A British court has said it has no power to stop the deportation of a 10-year-old girl at risk of female genital mutilation (FGM) after authorities rejected her mother’s asylum application.
The girl’s mother, who travelled to Britain from Bahrain and would be sent back there if deported, had expressed fears authorities there could force her and her daughter to return to Sudan, where she is originally from.
Sudan has one of the highest rates of FGM in the world. Most girls there undergo the practice, which involves the partial or total removal of external genitalia, aged between five and nine.
A family court had ruled that the girl could be subjected to FGM if taken abroad after social services applied for a protection order to stop her being deported.
But Britain’s Home Office, which handles immigration issues, challenged the court’s power to prevent her deportation and on Wednesday the court accepted it did not have such powers.
The Home Office did not respond to a request for comment on the case by the time of publication.
The UK has invested heavily in efforts to combat FGM in countries where it is practised, notably in parts of Africa, and is viewed as an international leader in the field.
But Charlotte Proudman, the lawyer who represented the girl’s mother in court, said there was a contradiction between the government’s stated commitment to end FGM and its immigration policies.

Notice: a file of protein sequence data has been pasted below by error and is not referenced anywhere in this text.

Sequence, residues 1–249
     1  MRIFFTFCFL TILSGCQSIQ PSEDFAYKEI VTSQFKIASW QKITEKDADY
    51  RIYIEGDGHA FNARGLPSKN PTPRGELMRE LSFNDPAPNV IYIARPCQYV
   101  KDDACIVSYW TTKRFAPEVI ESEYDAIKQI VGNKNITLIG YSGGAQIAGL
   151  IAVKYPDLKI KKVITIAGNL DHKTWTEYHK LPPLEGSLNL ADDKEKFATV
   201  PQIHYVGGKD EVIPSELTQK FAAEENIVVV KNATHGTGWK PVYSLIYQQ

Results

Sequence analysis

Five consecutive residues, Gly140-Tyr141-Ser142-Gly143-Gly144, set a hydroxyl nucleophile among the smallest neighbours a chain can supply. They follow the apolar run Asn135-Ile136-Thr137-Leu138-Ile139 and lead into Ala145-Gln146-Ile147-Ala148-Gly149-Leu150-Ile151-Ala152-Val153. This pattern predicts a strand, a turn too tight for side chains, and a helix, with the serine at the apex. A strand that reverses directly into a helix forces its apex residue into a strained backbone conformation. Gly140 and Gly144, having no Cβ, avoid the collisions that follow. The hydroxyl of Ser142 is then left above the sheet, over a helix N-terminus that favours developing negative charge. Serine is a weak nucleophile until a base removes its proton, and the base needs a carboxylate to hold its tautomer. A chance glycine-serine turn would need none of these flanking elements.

“They are happy to prosecute FGM, they are happy to give money abroad to stamp it out, but they are failing to protect women who are at risk if deported,” Proudman told the Thomson Reuters Foundation.
FGM is linked with severe long-term complications including cysts, infections and complications in childbirth. In the most severe cases, the vaginal opening is sewn up.
The girl’s mother said she had undergone FGM, as had her two sisters, who both died as a result, according to court papers.
One of the single biggest indicators that a girl is at risk is her mother having been cut, studies have shown.
About 87% of Sudan’s women aged between 15 and 49 have been cut, and the majority have undergone the severest form, infibulation, according to the World Health Organization.
Although FGM is a recognised ground for asylum in Britain, the Home Office – the government department responsible for immigration – has previously argued that the risk in similar cases was low.
Proudman said she would ask the government to accept expert assessments of the risks the girl faced if deported and grant her secure immigration status.
Anti-FGM campaigner Alimatu Dimonekene said authorities were failing to consider the rights of children when processing the asylum applications of their parents.
“This girl will be at risk not only of FGM if she returns to these countries, but will be at risk of other known extreme forms of violence,” added Dimonekene, who runs the charity A Girl At A Time.